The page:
Spain: Camino de Santiago

Spain: Camino de Santiago

15 Day Inn Tour

Tour Information

Date: 09/01/18 - 09/15/18
Meet: Pamplona, Spain
Time: 4:30pm
Tour Price: $4690
Single Upgrade: $950 (Singles may not be available two nights)

The Camino de Santiago, or the Way of St. James, or just The Way, has been a pilgrimage for millions of people for more than a thousand years. Ever since the remains of St. James the Apostle were said to have been found here in 813AD, pilgrims have made their way to the sanctuary at Santiago de Compostela in northern Spain. Come with us as we follow this extraordinary path by bicycle, feeling the weight of history increase every day as we approach our destination.

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Rolling hills with some longer climbs and a few flat sections. Advanced cycling level. Moderate level with assistance from our van to shorten the miles or by using an electric-assist bicycle. About 5% of the roads are unpaved, hard-packed dirt or cobblestone.

14 nights lodging, 14 breakfasts, 4 lunches, 10 dinners, snacks, van support, hybrid bicycle, detailed route cues and maps, and trained bilingual guides.


Spain: Camino de Santiago

Hybrid bike is included.

Spain hybrid bicycle

E-Bike is $195.

E-bike for Spain bike tour

Road bicycle is $195.

Road bicycle for Spain bike tour

Fly round-trip to Madrid or Barcelona, Spain. Then take the train to Pamplona. At the end of the tour, fly back to Madrid or Barcelona for your return home.

Michelle Slusher

Michelle Slusher
Tour Leader/Chef

Fabulous tour! We were blessed with the best guides, best women group, perfect weather, incredible scenery, beautiful culture, exceptional food - what more can I say?! The pilgrims mass topped it off!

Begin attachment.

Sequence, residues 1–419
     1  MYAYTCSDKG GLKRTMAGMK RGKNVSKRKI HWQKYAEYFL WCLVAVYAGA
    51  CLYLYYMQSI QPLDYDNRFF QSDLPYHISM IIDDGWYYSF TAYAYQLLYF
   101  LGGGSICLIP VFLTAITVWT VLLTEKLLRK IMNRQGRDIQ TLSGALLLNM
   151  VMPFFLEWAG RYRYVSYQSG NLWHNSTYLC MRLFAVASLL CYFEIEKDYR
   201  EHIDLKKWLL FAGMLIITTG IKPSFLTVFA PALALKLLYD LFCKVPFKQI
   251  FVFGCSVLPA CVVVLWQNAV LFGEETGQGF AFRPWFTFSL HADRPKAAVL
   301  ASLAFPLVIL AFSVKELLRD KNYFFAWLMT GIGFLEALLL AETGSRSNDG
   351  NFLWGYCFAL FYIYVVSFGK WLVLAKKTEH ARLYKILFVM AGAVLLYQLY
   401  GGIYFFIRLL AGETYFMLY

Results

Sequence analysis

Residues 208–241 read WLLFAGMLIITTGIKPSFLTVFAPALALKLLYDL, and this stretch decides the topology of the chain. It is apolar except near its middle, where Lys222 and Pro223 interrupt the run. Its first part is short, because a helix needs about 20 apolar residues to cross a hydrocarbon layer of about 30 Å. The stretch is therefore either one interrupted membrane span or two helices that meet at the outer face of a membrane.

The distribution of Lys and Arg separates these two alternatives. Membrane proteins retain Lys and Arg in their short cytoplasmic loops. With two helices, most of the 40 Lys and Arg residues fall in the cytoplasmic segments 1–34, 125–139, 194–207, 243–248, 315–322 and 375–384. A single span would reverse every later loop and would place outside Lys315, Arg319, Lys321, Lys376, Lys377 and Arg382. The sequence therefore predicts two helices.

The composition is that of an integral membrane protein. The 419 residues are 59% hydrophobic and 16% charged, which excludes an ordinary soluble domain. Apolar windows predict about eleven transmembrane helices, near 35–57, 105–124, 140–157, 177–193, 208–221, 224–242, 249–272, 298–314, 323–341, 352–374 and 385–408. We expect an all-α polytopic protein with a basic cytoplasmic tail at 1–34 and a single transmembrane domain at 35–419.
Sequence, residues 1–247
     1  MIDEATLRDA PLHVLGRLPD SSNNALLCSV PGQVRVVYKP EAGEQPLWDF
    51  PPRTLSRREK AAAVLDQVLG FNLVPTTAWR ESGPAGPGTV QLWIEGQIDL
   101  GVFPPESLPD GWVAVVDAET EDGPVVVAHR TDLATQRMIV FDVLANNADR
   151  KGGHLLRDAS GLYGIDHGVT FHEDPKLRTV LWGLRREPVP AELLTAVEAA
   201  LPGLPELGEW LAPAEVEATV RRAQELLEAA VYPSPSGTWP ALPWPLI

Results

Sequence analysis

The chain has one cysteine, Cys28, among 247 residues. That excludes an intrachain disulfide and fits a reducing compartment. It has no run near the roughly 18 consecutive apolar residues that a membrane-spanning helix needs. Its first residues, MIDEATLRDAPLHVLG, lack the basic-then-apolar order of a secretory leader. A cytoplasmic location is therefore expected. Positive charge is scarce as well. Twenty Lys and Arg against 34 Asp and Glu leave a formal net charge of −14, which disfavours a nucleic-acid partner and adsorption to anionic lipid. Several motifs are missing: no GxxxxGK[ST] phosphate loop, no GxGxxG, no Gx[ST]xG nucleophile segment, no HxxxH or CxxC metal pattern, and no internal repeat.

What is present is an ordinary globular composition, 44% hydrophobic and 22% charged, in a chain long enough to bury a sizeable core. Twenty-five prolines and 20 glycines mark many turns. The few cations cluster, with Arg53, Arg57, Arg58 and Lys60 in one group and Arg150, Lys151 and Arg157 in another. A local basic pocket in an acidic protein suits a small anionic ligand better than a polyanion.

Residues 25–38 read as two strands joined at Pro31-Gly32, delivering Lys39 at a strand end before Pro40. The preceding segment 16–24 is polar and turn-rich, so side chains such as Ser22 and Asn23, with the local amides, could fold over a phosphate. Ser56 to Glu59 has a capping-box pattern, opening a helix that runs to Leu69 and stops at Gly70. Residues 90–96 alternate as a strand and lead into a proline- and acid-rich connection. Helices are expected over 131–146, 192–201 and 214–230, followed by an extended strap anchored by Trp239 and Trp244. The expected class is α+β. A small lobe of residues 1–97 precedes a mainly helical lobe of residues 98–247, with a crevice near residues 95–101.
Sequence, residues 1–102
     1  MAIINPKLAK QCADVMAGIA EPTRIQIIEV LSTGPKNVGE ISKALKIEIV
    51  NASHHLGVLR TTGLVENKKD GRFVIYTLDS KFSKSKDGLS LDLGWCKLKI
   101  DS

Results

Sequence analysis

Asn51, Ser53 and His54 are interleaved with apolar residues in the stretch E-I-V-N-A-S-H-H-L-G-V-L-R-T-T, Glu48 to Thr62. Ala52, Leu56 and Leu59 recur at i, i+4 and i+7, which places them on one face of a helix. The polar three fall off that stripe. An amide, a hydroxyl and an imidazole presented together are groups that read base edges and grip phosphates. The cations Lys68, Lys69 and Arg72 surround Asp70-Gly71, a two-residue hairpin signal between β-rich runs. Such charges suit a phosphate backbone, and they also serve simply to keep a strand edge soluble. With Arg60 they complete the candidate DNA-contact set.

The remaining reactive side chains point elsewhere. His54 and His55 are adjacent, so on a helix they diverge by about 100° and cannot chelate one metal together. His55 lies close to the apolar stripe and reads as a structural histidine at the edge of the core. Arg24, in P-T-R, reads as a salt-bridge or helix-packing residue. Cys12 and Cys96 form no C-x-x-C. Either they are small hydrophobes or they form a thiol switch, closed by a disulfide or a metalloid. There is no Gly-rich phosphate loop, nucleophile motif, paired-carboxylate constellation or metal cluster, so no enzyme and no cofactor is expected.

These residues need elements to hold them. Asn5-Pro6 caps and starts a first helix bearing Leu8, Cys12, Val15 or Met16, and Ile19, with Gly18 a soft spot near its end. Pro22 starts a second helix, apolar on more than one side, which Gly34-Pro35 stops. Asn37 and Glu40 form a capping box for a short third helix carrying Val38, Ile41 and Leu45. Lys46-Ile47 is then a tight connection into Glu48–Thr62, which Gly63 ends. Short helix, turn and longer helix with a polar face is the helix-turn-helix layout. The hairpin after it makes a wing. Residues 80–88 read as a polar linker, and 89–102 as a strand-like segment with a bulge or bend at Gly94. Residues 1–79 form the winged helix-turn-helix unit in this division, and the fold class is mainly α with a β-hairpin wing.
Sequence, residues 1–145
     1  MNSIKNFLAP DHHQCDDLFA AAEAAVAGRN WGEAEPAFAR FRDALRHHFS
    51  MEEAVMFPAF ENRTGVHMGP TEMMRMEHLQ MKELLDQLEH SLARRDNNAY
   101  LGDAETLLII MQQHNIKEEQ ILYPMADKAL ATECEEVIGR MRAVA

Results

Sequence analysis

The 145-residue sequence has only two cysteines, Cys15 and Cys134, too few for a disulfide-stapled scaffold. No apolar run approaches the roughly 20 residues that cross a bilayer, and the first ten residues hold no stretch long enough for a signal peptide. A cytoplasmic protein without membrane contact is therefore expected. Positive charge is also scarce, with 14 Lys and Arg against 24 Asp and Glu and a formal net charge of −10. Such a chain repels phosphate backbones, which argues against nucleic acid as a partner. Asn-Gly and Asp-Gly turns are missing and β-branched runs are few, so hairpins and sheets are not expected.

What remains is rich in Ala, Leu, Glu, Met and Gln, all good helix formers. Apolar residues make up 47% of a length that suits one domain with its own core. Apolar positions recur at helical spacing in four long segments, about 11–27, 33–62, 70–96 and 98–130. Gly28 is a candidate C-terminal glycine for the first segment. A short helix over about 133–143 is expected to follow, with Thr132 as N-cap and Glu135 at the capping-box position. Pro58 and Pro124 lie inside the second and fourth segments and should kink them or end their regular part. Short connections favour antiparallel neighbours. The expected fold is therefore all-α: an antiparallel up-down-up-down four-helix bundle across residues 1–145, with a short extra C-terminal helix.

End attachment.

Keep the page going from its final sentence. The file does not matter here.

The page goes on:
Cheryl C. Woodbury, MN

Tour Itinerary

DAY 1: We’ll meet at 4:30pm for a bicycle fitting in Pamplona. Famous for the running of the bulls, it is a beautiful city with narrow streets and medieval churches. If you arrive early, stroll through Taconera Park as a cure for your jet lag. The peaceful gardens in the middle of town are filled with deer, peacocks and swans.

Before dinner tonight, we’ll walk together to the Cathedral of Pamplona and pick up a pilgrim passport with our first stamp. We’ll collect stamps throughout the tour as proof of the places we’ve visited using our own power. 0 miles.

DAY 2: After breakfast, we’ll begin our pilgrimage by cycling out of town into the rural countryside. Our first stop will be the 12th century Church of Saint Maru Eunate. Standing mysteriously alone in the middle of a cornfield, the octagonal church’s original purpose is still unknown. From there, we’ll cross a bridge in the town of Puente la Reina. Considered to be the finest medieval bridge in Spain, it was built to help pilgrims cross the river during the 11th century.

Sometimes we’ll cycle beside the walking pilgrims and other times we’ll choose to take a lesser-traveled road. There is no one official way, as options and detours have changed the route over the centuries. Our pilgrimage will represent a moment of time in a long stream of history.

Tonight we’ll stay in the center of the old town of Estella. It was founded in 1090 when a shower of stars reportedly fell night after night in the same spot. After curious shepherds discovered a statue of Mary in a cave there, the King promptly built a church and the town. 29 miles.

DAY 3: Today’s bike ride takes us through rural Navarre and Basque farmland. We’ll spend the night in Laguardia, just off the Camino in Rioja wine country. An advantage of cycling over walking is our ability to detour and not miss some of the important places in Spain. Rioja wines are considered some of the best in the world. 39 miles.

DAY 4: We’ll spend the first part of the day exploring Rioja wine country, cycling past vineyards and wineries. Then it’s back to the Camino to our overnight in a former pilgrim’s hospital in Santo Domingo de la Calzada. The town was founded by the energetic hermit Santo Domingo, who built a bridge, road and hospital for the pilgrims. The King took notice of his good works and commissioned a great cathedral. It’s now home to a hen and rooster in honor of a miracle that is said to have occurred here 600 years ago. 38 miles.

DAY 5: Today’s beautiful ride takes us through the Goose Hills. Yellow arrows and scallop shells carved into stone mark our way. We’ll end the day in the great cathedral city of Burgos. Stunning from the outside, the grand cathedral sits in the center of the town’s square and a short walk from our hotel. Dinner is on your own tonight so you can stroll the streets like the Spaniards stopping for tapas over and over again along the way. 56 miles.